The terrorist attacks changed the subject matter of Arroyo’s work. It focused more on social and political issues after the attacks. Flor de Tierra, for example, a collection of paintings on gender injustice in Mexico, was created after the events of September 11th.
A month later, art broke Arroyo free from her creative block. Her emotions and artistic response to the event of 9/11 motivated her to produce artwork dedicated to the attacks. Arroyo was shocked by the reality that New York City was no longer the safe, welcoming, loving city she had come to love. She says “the diversity and cultural richness of the place was still there but shaken really badly”
Arroyo’s piece was a silk-screen image of the twin towers created by stacking up the word ‘UNREAL’. The location of the airplane’s impact was represented in the top third of the image by red, yellow and black clouds. The “piece spoke to what many other people were feeling at the time. It was just an unreal time and unreal events and unreal kind of a feel all around,” adds Arroyo.
The piece was eventually published in the New York Times and eventually placed in the Library of Congress. Reaction and response to the piece, however, played no motivating role in the creation of ‘UNREAL’ notes Arroyo.
Upon being published, Arroyo received countless emails, phone calls and letters from individuals who needed to find some connection and feel less isolated in a time of crisis. She says it was a rare occasion, in her career, to form a bridge with people all over the world. The most memorable and touching moment, recalls Arroyo, was a phone call from a woman whose relative, also named Andrea, perished in the Twin Towers.
Motivated by her past experience with September 11th and the responses received from ‘UNREAL’, Arroyo decided to curate a commemorative exhibit ten years later on 9/11. She also created the event because she “wanted to see what artists would create taking in consideration all these things: 9/11 event, to the loss, morning, to the terrorist attacks to this NYC. Reconstruction, what are your ideas, what will the future look like.” Featured artists, many of whom suffered from 9/11 in the same way as Arroyo, were thrilled to have an outlet to display their work. Much of their artwork reveals their personal memories, thoughts on terrorism, the World Trade Center, and the future of New York City.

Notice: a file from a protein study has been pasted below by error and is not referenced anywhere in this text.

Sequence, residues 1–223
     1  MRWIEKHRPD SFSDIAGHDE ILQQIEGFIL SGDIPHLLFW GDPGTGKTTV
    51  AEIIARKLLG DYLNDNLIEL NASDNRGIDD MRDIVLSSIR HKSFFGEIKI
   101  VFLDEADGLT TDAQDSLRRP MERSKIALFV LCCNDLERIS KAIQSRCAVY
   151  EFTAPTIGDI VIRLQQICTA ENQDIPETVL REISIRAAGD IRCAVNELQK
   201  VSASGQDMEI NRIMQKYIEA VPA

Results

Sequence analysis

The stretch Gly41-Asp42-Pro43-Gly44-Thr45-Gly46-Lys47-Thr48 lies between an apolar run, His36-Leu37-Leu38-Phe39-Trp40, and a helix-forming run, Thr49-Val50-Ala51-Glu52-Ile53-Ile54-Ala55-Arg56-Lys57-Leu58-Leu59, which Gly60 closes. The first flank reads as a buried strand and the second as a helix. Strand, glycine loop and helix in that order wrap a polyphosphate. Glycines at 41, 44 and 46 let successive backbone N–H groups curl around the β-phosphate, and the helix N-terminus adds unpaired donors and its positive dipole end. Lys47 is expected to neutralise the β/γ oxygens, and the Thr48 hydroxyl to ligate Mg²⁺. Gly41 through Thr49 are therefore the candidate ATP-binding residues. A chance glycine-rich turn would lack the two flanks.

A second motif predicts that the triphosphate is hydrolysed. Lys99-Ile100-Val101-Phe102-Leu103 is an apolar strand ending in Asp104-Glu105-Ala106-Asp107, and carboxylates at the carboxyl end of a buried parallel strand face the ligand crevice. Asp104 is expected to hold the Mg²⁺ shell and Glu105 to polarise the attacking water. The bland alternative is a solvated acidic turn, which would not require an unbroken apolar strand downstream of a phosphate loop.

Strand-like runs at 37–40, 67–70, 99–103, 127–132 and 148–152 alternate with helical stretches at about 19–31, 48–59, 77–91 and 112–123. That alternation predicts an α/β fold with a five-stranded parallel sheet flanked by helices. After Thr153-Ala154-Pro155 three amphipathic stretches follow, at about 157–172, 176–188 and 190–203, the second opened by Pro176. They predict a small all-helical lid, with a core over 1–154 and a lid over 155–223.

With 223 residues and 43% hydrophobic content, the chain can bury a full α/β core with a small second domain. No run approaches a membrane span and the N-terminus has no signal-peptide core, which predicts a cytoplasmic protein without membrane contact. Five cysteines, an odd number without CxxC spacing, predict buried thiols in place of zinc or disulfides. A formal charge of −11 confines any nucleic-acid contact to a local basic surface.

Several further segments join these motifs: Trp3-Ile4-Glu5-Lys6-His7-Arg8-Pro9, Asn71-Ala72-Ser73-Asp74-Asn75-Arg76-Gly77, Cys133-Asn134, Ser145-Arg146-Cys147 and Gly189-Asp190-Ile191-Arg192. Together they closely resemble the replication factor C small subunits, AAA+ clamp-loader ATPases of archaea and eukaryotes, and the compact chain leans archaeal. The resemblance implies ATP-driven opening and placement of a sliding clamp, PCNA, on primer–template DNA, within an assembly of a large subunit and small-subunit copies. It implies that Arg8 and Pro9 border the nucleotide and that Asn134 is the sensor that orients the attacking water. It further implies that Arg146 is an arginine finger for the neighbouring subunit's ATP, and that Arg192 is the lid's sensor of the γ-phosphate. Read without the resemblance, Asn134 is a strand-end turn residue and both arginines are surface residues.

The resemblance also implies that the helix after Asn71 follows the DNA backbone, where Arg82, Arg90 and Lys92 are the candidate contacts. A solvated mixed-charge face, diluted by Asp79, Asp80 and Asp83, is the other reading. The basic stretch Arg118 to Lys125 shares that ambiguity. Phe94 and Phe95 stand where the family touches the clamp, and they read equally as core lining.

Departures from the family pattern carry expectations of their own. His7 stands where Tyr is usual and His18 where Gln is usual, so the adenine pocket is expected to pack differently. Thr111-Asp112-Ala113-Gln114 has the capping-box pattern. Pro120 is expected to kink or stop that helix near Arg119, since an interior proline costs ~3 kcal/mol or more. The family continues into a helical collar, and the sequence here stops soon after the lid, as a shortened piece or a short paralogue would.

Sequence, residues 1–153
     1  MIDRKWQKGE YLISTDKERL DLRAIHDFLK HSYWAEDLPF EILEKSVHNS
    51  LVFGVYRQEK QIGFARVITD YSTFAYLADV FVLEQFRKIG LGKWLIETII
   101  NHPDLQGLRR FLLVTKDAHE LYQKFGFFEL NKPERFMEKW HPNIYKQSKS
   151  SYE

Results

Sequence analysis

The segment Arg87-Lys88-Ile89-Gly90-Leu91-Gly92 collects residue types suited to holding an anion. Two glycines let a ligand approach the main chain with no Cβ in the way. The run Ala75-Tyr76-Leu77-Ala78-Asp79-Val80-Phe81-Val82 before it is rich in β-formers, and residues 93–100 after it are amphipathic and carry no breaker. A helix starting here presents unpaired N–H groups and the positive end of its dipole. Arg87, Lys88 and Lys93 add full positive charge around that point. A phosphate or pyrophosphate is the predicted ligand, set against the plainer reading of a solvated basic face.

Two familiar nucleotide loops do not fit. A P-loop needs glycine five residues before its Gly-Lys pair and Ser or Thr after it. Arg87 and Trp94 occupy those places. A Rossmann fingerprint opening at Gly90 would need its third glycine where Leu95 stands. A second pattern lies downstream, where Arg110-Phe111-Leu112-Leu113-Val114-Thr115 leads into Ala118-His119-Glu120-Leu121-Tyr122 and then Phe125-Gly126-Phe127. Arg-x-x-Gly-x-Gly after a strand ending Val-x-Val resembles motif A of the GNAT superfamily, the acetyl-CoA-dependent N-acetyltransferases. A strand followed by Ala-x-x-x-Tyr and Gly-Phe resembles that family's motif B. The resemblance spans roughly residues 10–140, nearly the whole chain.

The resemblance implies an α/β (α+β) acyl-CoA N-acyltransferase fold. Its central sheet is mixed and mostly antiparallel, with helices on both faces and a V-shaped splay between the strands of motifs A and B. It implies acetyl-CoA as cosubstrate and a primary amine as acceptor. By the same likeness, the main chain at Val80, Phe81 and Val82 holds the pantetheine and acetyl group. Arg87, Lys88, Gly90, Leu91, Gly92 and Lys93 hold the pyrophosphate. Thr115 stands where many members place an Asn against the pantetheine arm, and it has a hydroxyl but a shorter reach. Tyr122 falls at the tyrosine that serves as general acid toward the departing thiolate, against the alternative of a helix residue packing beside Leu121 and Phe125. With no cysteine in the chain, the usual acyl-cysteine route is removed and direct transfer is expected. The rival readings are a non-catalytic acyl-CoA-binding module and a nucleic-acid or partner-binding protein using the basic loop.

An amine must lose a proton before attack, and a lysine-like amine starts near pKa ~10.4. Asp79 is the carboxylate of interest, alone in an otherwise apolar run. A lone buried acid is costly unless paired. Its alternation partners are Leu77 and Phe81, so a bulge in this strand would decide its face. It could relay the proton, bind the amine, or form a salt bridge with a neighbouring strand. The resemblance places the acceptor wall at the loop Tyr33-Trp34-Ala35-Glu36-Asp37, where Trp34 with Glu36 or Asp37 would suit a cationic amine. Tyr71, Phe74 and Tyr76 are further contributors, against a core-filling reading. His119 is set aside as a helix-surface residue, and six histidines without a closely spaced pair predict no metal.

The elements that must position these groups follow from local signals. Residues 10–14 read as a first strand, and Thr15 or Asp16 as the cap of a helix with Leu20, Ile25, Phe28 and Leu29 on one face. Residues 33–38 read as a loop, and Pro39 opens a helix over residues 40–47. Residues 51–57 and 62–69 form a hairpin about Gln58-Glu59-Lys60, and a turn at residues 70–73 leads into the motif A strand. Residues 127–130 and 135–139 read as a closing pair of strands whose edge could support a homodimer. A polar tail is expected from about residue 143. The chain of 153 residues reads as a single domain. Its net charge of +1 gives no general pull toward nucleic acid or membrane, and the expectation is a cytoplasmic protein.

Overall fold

Through their art, Arroyo hopes other artists will share her experience and connect to individuals affected by September 11th. She believes that after ten years of construction on the World Trade Center site, it is time for Americans to close the cycle and move forward.
Arroyo says her exhibit is an opportunity to witness a variety of artists with diverse reactions and emotions concerning the events and aftermath of September 11th. Regardless of the intense subject matter, the exhibit leaves viewers feeling hopeful for the future of New York.
Traditional oil paintings, abstract art, comics and photographs are featured in the exhibit. After a year of planning, her gallery entitled September 11th, Past, Present and Future, is now open and runs until October 10th at the El Taller Latino America
Tom’s Restaurant on 112th street on Broadway is most famous for being the restaurant from the television show Seinfeld. Few people know that Tom’s is a family restaurant. It has been run by the same Greek family since opening in 1936. This audio slideshow looks at how various employees at Tom’s Restaurant felt about and dealt with Hurricane Irene.